Saudi Arabia is seeking a $10 billion loan from international banks, according to Reuters, which represents the country’s first major loan in more than a decade.
The Saudi government is hoping to discuss the matter with several unnamed banks, and while the amount was also not disclosed, a source told Reuters that it could top $10 billion. Related: In Risky Move Wall St. Backs Shale With Nearly $10 Billion In Equity
To be sure, Saudi Arabia has a massive pile of foreign exchange that will allow it to weather the oil price downturn for years, although few expect oil prices to remain below $40 for that long. Still, the Saudi government surely does not want to burn through all of its cash reserves. In fact, Saudi reserves dropped below $600 billion for the first time in almost four years. The OPEC member burned $14.3 billion in January, the third month in a row that it used more than $10 billion. Is recently as the summer of 2014, Saudi Arabia’s foreign exchange sat well above $700 billion.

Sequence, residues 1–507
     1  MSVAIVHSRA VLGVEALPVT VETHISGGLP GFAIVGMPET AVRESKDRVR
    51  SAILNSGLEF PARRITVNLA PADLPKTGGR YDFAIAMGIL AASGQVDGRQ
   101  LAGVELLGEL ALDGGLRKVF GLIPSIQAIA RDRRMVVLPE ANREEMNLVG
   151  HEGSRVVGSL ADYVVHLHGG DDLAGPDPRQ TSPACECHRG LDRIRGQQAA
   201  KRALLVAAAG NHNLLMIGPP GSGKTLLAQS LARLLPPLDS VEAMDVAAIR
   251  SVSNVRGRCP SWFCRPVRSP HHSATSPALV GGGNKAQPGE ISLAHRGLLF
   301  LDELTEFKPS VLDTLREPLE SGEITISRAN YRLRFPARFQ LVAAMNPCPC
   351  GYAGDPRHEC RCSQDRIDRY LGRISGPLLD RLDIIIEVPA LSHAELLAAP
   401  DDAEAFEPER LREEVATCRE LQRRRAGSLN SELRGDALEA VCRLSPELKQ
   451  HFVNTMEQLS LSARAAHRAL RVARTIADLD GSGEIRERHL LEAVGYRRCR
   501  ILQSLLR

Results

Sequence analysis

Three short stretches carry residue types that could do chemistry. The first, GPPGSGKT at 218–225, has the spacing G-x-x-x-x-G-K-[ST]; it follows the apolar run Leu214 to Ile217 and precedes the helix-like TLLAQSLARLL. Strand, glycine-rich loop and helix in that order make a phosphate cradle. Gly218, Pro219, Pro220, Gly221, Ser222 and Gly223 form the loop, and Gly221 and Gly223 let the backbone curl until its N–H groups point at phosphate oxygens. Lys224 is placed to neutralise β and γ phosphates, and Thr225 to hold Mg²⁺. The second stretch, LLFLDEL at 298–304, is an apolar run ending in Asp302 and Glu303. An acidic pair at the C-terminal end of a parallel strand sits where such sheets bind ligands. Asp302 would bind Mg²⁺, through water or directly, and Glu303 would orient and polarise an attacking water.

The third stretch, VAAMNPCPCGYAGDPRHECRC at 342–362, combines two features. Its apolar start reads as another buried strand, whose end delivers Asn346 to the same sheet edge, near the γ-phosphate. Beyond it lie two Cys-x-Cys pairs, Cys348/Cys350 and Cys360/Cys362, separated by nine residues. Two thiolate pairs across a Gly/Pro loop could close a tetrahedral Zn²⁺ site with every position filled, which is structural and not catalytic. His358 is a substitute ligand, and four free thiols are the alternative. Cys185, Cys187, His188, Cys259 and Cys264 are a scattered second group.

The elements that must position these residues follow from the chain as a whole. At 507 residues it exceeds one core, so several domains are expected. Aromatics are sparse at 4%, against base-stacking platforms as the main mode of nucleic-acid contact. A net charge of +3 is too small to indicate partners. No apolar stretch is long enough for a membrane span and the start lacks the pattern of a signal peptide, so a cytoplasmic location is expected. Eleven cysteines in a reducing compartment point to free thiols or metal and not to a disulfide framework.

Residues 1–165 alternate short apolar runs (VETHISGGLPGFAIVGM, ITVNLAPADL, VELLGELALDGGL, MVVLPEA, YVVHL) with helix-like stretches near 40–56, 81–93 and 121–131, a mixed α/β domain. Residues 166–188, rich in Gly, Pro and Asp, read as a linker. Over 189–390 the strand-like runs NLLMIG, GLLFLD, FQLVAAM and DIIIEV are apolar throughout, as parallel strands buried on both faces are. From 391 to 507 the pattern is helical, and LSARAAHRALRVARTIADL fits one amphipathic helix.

With oil prices so low, Saudi Arabia estimated in late 2015 that it ran a budget deficit of $98 billion for the year. The trajectory is unsustainable. S&P downgraded Saudi Arabia’s credit by two notches in February, from A+ to A-. Related: The U.S. Still Dominates World Oil Prices
It now appears that the Saudi government wants to turn to international lenders to help plug the budget hole. As one of the world’s largest oil producers with a huge war chest of cash reserves, Saudi Arabia shouldn’t have trouble finding any lenders. Not only that, but Reuters says that banks might be eager to lend to Saudi Arabia because it could improve their chances of being selected to conduct the bond offering that Saudi Arabia is planning on holding later this year.
Still, borrowing costs will likely be much higher than what would have been offered a year or two ago. For example, Qatar took a $5.5 billion loan from international lenders in January, much lower than the expected $10 billion that was anticipated, reportedly because the offered interest rates were too high.
By Charles Kennedy of Oilprice.com
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